Reigate & Banstead

Geophysical Survey and Fieldworking Report of Neale’s Field, Chipstead 2022

In March 2022, a small team of volunteers from Surrey Archaeological Society carried out a geophysical magnetometry survey and fieldwalking exercise on Neale’s Field, Chipstead as part of a small community project. This work was undertaken in order to investigate an unusual concentration of early metal-detecting finds, most notably a number of rare 15th century coins, which led to speculation of the site being the possible location of a medieval fair which was recorded at Chipstead from the 13th century, and to define, date and characterise the site.

Land at Courtlands Farm, Park Road, Banstead

Historic building recording by H Samuels and S Chandler of ASE. The ammunition depot at Banstead formed one of three depots built between 1938 and 1939 to store and supply ammunition for the anti-aircraft batteries surrounding and defending London. The Banstead site supplied the South-West London sector from Dulwich to Raynes Park and included the South-East region for a short period in 1940. The site officially closed as an active storage/distribution centre in 1953. The site structures form an example of the early use of reinforced concrete for defensive military purposes.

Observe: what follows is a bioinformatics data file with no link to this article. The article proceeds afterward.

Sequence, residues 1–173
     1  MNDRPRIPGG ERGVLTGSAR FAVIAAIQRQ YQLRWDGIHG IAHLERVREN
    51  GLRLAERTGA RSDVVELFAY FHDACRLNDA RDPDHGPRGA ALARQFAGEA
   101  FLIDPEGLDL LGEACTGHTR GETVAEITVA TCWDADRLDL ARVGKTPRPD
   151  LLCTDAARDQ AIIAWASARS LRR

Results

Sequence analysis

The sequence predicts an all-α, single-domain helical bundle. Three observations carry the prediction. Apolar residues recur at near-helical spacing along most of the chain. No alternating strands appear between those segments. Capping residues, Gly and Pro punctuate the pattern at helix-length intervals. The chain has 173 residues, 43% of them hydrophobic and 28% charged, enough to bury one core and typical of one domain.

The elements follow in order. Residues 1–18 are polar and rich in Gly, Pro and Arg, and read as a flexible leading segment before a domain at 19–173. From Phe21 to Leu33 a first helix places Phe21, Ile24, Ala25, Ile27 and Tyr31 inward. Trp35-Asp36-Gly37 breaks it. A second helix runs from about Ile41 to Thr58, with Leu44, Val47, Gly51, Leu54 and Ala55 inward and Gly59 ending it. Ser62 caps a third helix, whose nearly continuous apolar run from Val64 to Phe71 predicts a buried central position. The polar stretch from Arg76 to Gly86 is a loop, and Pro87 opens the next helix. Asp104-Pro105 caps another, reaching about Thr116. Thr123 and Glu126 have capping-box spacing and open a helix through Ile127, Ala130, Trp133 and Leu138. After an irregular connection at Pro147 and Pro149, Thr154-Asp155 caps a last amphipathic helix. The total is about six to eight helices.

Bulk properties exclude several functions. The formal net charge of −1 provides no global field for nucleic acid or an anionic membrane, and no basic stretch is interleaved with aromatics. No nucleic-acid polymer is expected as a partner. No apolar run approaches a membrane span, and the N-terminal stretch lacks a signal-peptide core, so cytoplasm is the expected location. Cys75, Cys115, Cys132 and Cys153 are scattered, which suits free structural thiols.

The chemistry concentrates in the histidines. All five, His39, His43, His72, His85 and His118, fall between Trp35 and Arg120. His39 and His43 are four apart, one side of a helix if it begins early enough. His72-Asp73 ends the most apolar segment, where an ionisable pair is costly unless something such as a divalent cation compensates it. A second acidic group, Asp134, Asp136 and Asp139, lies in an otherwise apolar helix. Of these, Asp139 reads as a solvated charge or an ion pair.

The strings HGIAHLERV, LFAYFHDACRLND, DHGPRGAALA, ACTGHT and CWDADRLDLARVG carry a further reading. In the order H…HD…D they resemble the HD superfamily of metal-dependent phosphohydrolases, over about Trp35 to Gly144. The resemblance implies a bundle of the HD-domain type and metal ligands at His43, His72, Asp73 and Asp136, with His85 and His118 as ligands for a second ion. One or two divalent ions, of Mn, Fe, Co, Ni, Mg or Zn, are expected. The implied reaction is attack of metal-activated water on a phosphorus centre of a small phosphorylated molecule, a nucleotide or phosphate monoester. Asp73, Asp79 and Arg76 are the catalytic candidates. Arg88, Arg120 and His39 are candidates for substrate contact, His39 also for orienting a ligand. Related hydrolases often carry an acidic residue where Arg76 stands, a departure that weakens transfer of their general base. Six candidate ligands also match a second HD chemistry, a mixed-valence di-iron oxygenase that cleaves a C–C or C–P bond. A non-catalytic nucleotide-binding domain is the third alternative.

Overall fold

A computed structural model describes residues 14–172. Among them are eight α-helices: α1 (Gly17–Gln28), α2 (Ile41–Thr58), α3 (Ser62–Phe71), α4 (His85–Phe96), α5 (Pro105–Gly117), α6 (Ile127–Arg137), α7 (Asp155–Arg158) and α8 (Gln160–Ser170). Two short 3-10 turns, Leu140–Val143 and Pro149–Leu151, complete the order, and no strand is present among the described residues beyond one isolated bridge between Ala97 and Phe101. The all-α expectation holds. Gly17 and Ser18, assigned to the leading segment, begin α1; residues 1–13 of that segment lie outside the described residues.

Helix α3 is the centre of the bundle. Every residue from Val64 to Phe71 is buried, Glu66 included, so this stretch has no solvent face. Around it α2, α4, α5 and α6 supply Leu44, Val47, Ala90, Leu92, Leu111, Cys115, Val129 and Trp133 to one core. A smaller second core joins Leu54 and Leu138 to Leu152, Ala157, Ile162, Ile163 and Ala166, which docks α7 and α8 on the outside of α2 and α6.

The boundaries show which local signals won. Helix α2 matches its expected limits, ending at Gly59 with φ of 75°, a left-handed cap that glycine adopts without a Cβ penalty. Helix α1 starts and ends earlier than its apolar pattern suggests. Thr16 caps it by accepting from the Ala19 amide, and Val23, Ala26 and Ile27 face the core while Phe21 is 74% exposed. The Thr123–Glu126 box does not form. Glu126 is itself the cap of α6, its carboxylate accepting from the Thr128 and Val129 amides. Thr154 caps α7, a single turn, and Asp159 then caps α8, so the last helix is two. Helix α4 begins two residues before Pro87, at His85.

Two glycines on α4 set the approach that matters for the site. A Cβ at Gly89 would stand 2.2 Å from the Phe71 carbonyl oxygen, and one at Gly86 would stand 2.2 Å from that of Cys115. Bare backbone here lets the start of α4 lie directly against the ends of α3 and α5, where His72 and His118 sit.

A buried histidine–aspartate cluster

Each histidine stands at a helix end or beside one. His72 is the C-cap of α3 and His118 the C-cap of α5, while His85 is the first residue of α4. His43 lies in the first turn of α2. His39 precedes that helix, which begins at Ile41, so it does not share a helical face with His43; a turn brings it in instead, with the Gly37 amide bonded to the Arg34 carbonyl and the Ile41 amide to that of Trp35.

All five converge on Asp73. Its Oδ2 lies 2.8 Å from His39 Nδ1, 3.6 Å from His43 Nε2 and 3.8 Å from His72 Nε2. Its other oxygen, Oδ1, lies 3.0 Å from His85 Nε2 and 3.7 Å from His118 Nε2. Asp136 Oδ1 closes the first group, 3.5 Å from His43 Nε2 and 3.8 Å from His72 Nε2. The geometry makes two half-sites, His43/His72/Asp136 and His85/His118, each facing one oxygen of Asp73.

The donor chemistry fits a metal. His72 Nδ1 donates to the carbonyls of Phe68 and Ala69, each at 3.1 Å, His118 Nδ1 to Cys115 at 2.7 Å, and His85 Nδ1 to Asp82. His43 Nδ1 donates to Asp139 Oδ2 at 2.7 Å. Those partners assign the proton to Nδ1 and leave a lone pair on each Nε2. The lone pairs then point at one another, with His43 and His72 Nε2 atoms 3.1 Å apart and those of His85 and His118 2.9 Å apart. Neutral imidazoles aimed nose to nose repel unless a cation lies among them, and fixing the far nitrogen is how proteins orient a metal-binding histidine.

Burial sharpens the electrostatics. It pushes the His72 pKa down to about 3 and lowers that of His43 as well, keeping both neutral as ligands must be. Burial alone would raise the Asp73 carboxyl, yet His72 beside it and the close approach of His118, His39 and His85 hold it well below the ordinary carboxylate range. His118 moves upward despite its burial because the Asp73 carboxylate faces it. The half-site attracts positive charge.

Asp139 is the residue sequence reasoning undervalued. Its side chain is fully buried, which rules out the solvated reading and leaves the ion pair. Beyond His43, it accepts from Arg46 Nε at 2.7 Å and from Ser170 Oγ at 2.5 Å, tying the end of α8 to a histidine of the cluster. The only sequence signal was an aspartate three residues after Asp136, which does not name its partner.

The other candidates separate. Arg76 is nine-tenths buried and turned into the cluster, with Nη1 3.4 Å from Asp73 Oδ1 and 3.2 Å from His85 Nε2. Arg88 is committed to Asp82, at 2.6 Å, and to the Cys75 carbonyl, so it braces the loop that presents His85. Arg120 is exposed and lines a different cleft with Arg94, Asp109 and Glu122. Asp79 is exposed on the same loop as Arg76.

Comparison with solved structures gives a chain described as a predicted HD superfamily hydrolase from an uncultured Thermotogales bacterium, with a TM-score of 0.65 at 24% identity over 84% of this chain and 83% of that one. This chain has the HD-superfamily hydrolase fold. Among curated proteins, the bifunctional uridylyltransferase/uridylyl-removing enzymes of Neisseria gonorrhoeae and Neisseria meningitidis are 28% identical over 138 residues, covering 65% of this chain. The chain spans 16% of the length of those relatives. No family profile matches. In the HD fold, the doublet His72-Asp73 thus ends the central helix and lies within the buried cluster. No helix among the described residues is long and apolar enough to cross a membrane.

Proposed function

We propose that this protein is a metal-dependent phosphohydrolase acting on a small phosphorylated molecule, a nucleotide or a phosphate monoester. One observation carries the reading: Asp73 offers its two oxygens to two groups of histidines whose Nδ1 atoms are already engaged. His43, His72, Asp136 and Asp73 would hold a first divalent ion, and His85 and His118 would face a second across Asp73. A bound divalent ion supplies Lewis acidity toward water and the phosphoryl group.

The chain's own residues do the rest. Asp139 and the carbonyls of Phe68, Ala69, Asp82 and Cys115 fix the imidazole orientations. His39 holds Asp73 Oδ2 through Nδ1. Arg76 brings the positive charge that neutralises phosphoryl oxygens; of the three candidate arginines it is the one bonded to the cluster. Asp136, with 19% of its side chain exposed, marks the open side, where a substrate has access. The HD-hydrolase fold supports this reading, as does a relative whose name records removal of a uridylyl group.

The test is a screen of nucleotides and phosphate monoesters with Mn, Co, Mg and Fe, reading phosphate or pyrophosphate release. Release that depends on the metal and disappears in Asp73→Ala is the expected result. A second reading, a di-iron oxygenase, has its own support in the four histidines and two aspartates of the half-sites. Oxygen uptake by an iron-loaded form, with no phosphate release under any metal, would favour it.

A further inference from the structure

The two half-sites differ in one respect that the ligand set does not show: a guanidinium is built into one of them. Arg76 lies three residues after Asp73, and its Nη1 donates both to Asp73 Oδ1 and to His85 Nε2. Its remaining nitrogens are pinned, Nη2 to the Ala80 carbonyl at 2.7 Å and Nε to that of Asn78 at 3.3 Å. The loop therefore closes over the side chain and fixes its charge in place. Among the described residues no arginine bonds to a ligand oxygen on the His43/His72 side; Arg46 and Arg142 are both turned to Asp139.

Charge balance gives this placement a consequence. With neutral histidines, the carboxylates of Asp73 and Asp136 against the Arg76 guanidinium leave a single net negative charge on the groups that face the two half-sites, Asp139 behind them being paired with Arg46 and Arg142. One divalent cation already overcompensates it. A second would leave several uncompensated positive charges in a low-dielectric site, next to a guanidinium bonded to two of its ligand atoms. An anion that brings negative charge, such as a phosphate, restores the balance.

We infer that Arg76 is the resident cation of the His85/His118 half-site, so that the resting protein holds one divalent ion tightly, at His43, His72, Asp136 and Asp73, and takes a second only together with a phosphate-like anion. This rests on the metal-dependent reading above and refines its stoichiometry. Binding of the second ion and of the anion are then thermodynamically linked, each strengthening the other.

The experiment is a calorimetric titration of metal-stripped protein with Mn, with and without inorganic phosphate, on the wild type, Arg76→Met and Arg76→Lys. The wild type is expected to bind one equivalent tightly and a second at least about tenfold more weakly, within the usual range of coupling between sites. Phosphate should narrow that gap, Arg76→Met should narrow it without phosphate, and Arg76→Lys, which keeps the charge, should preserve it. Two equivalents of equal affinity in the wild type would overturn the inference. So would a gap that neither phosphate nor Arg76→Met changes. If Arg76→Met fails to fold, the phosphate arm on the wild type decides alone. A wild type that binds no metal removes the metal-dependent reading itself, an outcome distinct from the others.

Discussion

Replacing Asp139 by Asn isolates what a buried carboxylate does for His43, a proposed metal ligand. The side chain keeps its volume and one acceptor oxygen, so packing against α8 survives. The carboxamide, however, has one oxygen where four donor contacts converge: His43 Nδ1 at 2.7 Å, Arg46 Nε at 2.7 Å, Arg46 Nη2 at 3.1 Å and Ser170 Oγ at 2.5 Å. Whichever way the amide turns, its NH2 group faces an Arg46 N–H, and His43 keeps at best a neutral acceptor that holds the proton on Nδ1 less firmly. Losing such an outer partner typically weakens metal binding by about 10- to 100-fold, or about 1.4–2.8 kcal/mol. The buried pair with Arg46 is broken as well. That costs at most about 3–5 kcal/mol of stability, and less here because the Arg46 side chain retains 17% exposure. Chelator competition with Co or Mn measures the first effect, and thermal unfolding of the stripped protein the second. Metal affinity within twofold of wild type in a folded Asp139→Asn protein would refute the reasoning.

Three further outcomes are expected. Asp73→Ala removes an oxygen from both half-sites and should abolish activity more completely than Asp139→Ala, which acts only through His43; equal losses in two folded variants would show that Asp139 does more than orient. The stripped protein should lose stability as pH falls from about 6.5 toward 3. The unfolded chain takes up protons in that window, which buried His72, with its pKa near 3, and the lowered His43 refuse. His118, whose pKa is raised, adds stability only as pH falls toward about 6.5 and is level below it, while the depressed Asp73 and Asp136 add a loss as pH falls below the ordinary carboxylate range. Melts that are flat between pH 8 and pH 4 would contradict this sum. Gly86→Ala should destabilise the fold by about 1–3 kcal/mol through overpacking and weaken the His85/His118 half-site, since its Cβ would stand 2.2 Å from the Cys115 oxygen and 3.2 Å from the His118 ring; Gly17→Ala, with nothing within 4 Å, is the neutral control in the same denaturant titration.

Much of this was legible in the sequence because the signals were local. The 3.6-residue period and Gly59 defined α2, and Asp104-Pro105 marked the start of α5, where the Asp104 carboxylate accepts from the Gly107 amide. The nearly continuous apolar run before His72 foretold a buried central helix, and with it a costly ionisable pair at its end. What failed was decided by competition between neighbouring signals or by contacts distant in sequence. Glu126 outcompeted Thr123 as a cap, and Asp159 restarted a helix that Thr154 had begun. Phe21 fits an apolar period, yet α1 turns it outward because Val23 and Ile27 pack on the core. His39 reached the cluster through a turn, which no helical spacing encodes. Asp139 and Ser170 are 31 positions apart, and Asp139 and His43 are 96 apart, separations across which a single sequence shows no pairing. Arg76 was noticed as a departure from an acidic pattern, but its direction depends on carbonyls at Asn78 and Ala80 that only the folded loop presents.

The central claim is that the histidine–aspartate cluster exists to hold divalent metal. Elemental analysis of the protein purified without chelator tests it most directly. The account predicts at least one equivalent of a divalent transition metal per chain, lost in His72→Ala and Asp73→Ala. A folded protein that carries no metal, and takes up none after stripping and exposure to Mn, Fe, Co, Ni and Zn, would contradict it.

St John the Evangelist Church, Redhill

Excavation by L Capon of AOC recorded 266 graveshafts with a total of 282 burials recovered and retained for osteological assessment. The burials can be dated to 1843--1914 when the graveyard was in use. Early cemetery practice appears to show careful planning and management with graves aligned west--east in regular north--south rows. Later burials show dense overcrowding with burials tightly packed into any available space, creating a complex sequence of intercutting graveshafts.

Land at the rear of 268–269 Fir Tree Road, Banstead

Excavation by Dr K Harrison on behalf of Surrey Police after the discovery of human remains during construction work, revealed the presence of a single burial. Sufficient skeletal material remained in situ to suggest the individual was buried in a crouched position, on its side and oriented north--south. There were no grave goods, associated finds or datable material in the grave fill but the burial position was consistent with a Bronze Age or Iron Age inhumation.


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